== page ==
Bethan Lloyd Owen dead and obituary, Whats happened to Ian paterson?

An NHS whistleblower whose evidence helped put Butcher surgeon Ian Patterson behind bars has revealed he was threatened with dismissal for daring to question the reckless treatment of women whose lives were ultimately ruined.

Patterson misdiagnosed cancer in healthy patients and underwent unnecessary and harmful procedures, including an unregulated “cleavage-sparing” mastectomy. He was convicted of 17 counts of intentional assault and sentenced to 20 years in prison in 2017.

Breast surgeon Hemant Ingle has now spoken for the first time about his fight to uncover one of the UK’s biggest medical scandals, telling the Daily Mail on Sunday that he first tried to challenge Patterson for a full 10 years , and then ended up in jail in 2017.

Ingle, who was a junior consultant at the time, was concerned that the senior doctor would leave breast tissue at risk by putting patients at risk with inappropriate reconstructive surgery and partial mastectomy. Some patients later died.

“He [Patterson] would drive through the [hospital] meeting and say the treatment will be like This. But many times I felt he was unnecessarily advising patients for reconstructive surgery. We fought at almost every meeting.”

Ingle’s suspicions were confirmed when Patterson asked him to perform breast reconstruction surgery on one of his patients while on vacation — even though her medical records showed she had no signs of cancer.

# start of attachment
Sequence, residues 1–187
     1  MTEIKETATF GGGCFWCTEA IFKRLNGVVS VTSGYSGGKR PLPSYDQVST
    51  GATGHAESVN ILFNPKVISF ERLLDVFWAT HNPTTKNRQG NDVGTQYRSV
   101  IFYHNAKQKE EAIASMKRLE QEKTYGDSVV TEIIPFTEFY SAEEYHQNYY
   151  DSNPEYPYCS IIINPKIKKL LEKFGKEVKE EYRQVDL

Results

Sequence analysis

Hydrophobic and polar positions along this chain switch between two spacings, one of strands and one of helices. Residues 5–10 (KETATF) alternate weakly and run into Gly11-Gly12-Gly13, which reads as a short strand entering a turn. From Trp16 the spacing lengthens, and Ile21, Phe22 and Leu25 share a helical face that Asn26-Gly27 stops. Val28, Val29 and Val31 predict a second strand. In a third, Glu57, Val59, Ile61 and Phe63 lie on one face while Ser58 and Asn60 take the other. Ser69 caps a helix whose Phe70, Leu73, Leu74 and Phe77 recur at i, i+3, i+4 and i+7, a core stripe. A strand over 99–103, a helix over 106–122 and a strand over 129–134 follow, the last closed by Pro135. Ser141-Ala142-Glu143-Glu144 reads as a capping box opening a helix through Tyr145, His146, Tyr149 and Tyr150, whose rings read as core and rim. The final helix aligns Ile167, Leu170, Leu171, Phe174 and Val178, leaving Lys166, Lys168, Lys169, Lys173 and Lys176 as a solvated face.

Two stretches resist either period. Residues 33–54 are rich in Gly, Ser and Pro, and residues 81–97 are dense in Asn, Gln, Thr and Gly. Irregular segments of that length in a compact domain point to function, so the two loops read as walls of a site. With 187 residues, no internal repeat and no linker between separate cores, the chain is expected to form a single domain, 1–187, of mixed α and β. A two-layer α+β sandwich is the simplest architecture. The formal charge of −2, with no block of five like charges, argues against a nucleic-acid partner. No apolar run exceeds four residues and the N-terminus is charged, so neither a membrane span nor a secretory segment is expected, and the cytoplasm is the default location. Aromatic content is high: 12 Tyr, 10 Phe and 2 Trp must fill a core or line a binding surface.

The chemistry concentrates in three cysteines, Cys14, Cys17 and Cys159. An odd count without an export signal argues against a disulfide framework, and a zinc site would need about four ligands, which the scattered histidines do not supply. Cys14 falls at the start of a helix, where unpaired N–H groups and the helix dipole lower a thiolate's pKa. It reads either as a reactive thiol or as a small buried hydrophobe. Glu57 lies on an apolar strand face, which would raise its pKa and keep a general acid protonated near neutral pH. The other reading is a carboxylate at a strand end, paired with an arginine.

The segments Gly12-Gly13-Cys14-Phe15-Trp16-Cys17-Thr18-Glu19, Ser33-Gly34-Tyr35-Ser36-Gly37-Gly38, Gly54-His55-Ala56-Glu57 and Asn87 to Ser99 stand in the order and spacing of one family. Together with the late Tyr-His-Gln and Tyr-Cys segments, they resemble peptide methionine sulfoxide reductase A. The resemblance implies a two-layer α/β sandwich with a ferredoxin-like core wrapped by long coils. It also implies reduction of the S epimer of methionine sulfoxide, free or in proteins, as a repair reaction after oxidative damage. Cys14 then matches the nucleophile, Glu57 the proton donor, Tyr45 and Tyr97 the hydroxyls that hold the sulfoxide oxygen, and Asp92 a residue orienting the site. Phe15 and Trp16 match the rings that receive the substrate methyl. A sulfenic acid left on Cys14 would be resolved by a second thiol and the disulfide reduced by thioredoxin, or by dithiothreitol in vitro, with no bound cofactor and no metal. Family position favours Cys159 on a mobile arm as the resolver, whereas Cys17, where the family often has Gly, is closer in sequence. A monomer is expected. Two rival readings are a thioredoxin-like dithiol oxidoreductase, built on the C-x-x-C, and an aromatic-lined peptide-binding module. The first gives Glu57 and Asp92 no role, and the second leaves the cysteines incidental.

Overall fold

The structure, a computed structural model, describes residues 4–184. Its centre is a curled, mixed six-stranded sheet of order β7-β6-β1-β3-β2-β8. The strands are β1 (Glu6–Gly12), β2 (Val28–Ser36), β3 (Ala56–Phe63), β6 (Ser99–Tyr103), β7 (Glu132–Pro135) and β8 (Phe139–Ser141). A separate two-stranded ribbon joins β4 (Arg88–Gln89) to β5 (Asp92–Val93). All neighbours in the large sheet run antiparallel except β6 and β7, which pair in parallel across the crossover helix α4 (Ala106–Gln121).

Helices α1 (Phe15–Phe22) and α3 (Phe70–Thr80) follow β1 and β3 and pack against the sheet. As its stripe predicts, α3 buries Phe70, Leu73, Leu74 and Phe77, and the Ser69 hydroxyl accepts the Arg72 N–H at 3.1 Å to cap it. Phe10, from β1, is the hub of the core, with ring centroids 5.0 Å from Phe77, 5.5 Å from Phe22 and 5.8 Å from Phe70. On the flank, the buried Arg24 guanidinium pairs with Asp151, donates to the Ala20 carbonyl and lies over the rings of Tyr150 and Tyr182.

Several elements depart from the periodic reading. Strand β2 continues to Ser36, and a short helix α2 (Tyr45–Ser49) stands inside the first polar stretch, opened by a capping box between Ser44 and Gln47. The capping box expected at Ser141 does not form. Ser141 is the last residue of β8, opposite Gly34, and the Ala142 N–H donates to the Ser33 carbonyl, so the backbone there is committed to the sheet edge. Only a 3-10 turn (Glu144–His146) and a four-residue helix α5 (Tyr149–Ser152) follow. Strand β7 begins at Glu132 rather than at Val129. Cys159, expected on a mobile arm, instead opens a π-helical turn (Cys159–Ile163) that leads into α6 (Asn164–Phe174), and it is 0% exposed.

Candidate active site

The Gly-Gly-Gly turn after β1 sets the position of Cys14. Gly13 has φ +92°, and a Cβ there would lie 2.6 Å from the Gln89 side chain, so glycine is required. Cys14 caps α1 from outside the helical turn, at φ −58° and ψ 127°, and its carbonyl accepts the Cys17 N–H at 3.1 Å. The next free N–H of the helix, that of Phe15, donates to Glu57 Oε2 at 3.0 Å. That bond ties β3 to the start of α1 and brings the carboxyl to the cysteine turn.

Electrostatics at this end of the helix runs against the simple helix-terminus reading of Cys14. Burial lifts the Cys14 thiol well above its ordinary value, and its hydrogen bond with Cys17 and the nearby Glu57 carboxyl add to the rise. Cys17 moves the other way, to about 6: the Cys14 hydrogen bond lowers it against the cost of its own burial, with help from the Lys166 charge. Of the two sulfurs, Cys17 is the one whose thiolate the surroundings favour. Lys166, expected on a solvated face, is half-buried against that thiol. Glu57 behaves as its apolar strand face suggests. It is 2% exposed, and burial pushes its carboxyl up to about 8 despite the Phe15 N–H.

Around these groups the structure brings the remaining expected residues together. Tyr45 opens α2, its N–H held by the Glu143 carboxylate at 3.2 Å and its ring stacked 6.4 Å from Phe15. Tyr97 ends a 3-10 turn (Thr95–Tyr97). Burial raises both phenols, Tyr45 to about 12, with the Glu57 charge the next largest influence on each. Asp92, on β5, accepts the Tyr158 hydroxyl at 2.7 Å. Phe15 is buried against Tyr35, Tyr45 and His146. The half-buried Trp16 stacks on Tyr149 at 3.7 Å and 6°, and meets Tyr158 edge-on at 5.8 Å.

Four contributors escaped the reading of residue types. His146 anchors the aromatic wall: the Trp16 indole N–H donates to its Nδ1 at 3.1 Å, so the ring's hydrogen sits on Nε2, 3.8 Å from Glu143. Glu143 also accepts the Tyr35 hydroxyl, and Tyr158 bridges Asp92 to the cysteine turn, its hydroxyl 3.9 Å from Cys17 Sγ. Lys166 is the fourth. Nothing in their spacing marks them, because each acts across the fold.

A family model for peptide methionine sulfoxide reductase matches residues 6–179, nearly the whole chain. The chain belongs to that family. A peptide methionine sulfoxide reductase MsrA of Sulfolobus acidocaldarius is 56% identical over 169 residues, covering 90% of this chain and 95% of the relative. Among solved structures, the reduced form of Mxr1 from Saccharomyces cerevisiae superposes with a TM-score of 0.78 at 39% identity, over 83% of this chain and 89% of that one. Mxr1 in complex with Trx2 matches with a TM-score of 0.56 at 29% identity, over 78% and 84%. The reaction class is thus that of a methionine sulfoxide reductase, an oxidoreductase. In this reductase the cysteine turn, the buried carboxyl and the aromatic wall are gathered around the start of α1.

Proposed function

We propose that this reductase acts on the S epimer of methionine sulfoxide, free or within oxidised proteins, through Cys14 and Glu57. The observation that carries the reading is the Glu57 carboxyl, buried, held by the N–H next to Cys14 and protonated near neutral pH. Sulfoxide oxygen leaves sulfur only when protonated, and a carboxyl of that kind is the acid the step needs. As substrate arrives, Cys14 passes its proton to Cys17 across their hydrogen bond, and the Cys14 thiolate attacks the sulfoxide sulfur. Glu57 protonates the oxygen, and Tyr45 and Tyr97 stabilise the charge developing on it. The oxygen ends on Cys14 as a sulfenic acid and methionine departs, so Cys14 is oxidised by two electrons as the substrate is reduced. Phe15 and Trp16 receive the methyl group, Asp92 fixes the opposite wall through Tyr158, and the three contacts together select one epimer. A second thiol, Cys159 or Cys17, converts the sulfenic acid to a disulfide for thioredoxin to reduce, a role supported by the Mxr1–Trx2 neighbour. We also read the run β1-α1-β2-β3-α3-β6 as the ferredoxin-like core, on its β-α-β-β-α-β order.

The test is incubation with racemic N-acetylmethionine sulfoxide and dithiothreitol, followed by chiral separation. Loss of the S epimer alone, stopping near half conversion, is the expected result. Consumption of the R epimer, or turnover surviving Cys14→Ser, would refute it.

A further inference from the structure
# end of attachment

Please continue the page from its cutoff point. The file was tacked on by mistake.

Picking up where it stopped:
“I was shocked that there was absolutely no precancer,” he said. “I was really sad and scared – Patterson was mad because I caught him. That’s when my tentacles went up and I said, ‘This guy can really do anything. “

He now believes Patterson was motivated by sheer greed, with some reports suggesting he earns £100,000 a year from the lawsuit on top of his £100,000 NHS salary.

Ingle, assisted by two colleagues, wrote eight letters to senior NHS managers in 2007, alerting them to his concerns and Patterson’s bullying of colleagues. These include allegations that Patterson threatened to fire him if his complaints continued.

His repeated warnings led to an internal investigation that found Patterson performed an incomplete mastectomy, putting the patient at greater risk of cancer recurrence and recommending inappropriate breast reconstruction.

But there was little response to it.

After a brief period of supervision, Patterson was allowed to continue performing breast and general surgery on the NHS and a private hospital until he was suspended from the NHS and private practice in 2011.

By then, he had performed more than 1,000 botched or unnecessary surgeries, including on children [under 18]. By 2017, more than half of his mastectomy patients had died.